What is the real meaning of Long Form?
Many different Taichi styles practice a pre-set sequence of Taichi forms that they call a “Taichi Long Form.” However, in Taichi, ideally we should be doing moving meditation, not struggling to learn an intricate dance.
The reason our style is so unique is that from the very beginning, we practice so that we are always meditating in order to feel our Chi flow. Then, we can ultimately follow our Chi wherever it takes us — from one form into any other form. Eventually, we also work to be able to feel and follow the energy of the entire universe. That is why our method of training is so powerful, and why we never substitute or elevate choreography above following our Chi.
For this reason, while there is really no such a thing as a “long form,” there is what Master Waysun Liao calls “long form practice.” Long-form practice is when you practice meditatively — naturally and spontaneously feeling and following your Chi as it flows — moving from form to form for any amount of time, in any order.
In true long form practice, no two sessions will be alike, because you are feeling your Chi flow and following that flow in that moment. Even a master will not necessarily know or care what forms they will do when they first begin long form practice: they simply feel, flow, and follow.
We use the term and practice of a “Long Form” as a convenience
Since so many other styles boast of a “long form,” many come into the art with an expectation that all schools and styles must have a pre-set and precise choreographed sequence of forms to learn and follow. They aren’t disappointed when they hear that at the Taichi Tao Center, we actually do teach and offer a pre-set “long form” in addition to our single form training.
But once they start our classes, they are surprised to learn that a long form is not the focus of our style at all. The long form is just a tool we use from time to time.
The main reason we offer a traditional pre-set long form is that we know it can take a long time for a Taichi student to achieve the ability to feel, flow and follow their Chi. In the interim, a pre-set “long form” (stringing together the same series of forms in the same order, every time), can be a valuable training tool. It gives students a chance to experience what it might be like in the future to follow their Chi through many different transitions, turning in many different directions, and moving through a wide variety of forms.
Many students also enjoy practicing a long form for the fun and challenge of it. Others enjoy performing a long form for their friends. Some find that learning a long form can give a certain structure to their at-home practice that they appreciate.
That’s why we’ve always offered training in a long form, and why we’ve assembled a “Taichi Long Form Course” on Taichitao.tv by popular request. We’ve combined both vintage video content from Master Waysun Liao and recent online classes from Master Bob Krzemienski that cover all three sections of the complete Taichi form sequence.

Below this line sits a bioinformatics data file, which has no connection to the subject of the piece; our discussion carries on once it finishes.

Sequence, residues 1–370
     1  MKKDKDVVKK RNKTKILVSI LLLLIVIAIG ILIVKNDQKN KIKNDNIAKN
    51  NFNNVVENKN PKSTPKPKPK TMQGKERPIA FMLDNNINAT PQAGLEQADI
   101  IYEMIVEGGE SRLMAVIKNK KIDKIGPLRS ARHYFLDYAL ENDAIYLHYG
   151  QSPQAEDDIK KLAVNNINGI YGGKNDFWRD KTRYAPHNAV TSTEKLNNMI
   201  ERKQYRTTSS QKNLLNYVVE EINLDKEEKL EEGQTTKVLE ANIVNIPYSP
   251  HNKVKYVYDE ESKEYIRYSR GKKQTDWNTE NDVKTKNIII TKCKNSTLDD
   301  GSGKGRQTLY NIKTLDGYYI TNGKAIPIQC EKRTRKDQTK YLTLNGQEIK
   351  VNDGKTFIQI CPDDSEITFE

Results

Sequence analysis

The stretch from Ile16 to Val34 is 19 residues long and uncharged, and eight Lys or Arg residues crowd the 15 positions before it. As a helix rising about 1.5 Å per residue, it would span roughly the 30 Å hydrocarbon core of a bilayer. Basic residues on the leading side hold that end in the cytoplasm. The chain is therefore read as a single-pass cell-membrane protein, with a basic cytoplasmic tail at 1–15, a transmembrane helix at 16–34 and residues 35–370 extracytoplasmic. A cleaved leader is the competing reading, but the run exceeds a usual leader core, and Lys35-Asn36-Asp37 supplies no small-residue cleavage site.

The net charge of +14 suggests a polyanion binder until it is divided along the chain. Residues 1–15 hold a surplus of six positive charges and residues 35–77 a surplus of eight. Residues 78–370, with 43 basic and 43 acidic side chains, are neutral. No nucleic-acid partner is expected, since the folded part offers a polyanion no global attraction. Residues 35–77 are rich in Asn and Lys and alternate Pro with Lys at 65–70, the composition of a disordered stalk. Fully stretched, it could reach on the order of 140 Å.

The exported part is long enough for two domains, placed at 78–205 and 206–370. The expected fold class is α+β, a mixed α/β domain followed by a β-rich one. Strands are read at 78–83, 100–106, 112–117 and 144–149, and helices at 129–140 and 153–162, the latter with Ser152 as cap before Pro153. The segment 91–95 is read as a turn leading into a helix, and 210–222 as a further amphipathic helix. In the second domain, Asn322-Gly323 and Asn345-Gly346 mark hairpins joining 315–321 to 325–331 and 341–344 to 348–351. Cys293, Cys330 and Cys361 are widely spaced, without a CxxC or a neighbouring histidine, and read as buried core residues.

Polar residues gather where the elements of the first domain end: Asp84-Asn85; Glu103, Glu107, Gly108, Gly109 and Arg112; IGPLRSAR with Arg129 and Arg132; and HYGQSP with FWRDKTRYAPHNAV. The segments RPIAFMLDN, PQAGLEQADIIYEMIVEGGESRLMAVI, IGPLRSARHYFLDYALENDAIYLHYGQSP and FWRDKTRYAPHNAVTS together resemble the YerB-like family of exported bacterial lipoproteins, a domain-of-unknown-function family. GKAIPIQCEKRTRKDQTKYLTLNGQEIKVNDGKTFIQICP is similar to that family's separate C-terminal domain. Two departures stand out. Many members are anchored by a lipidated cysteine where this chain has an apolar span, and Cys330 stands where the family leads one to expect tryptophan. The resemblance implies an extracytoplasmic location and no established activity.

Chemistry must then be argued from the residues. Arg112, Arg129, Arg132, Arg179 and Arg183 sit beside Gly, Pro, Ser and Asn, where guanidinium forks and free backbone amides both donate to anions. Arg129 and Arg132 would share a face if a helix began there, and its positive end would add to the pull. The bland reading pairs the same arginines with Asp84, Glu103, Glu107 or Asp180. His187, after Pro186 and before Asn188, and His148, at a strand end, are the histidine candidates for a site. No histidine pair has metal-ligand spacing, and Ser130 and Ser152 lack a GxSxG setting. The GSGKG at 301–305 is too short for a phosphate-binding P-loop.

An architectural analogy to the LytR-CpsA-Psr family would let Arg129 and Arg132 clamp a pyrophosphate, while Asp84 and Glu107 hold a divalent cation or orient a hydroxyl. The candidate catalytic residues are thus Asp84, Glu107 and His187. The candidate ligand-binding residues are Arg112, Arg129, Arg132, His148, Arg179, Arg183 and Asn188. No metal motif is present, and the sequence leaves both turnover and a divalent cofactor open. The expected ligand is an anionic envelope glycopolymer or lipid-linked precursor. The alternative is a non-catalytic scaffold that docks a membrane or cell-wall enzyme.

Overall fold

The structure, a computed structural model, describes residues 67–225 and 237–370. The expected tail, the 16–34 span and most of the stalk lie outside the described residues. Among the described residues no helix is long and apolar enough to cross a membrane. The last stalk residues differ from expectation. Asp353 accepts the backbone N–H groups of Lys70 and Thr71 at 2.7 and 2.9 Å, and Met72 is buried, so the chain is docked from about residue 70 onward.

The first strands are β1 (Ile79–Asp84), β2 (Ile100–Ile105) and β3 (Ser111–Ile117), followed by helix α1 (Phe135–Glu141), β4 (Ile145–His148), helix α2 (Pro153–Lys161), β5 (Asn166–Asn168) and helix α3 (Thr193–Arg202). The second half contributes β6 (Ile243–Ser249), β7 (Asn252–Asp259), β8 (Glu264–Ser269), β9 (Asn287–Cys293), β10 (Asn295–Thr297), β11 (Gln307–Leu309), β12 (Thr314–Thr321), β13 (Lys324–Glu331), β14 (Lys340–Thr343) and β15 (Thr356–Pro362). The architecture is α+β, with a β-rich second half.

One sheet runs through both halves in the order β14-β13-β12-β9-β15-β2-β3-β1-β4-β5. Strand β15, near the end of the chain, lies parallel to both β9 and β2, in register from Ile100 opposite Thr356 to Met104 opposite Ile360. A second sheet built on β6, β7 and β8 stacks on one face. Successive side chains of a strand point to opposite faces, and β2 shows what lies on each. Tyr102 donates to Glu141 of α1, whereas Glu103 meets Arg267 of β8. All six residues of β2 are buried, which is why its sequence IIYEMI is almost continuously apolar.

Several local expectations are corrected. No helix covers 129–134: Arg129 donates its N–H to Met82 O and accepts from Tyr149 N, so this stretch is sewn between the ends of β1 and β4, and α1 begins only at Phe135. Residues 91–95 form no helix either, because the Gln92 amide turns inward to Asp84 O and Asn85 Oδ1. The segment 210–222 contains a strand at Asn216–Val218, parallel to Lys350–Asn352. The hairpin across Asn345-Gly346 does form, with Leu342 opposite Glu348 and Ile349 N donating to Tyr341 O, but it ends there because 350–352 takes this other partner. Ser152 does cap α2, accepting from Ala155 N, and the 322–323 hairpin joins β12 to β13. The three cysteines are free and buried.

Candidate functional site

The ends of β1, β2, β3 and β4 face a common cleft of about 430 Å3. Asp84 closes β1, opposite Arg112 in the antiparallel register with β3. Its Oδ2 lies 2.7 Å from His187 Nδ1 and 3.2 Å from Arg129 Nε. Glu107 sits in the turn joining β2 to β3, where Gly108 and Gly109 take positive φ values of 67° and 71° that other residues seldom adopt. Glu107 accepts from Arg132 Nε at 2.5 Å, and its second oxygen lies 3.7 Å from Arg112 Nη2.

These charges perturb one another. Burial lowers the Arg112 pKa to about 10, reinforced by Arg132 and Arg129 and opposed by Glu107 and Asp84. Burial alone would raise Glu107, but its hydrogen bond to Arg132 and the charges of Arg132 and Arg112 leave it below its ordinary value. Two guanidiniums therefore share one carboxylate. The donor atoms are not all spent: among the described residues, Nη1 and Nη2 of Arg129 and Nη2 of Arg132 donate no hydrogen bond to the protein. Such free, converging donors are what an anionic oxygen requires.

Learn the Taichi Long Form on Streaming Video with
Master Waysun Liao & Master Bob Krzemienski
Master Waysun Liao and Master Bob guide you through all three sections of the Taichi long form in this 10-hour video course. Learn both the right and left side orientation, along with important transitions and practice principles.
Why we start with single forms at the Taichi Tao Center before learning a long form or long form practice
At the Taichi Tao Center, ideally, students learn each single form on the first three pages of our Taichi curriculum first. Only then will they start pulling single forms together into the complete long form sequence. Prior single form proficiency allows our students to relax, and makes their Taichi long form both rich and full. Knowing how Chi feels and how it flows in each single form allows them to better feel and flow with their Chi throughout ours or any other long form from any other style or school. That’s one reason why, at the Taichi Tao Center, 80% or more of our practice is Single Form practice, adding in auxiliary training, two-person practice, and long form practice for the remaining 20%.
Different styles of long form practice
Many callers ask us on the phone “What kind of long form do you teach?” They have not yet had the chance to experience the powerful single form style of training. They are usually glad to hear that we teach a Yang-style long form sequence modeled after the long form taught by Master Cheng Man Ching out of respect. (Master Liao and Master Cheng were longtime friends many years ago. – read more).
Furthermore, unlike many other Taichi schools, we teach and encourage our students to practice this particular Taichi sequence on both the right and left side, so that their energy stays balanced, and so they can learn how to flow with their Taichi in all directions.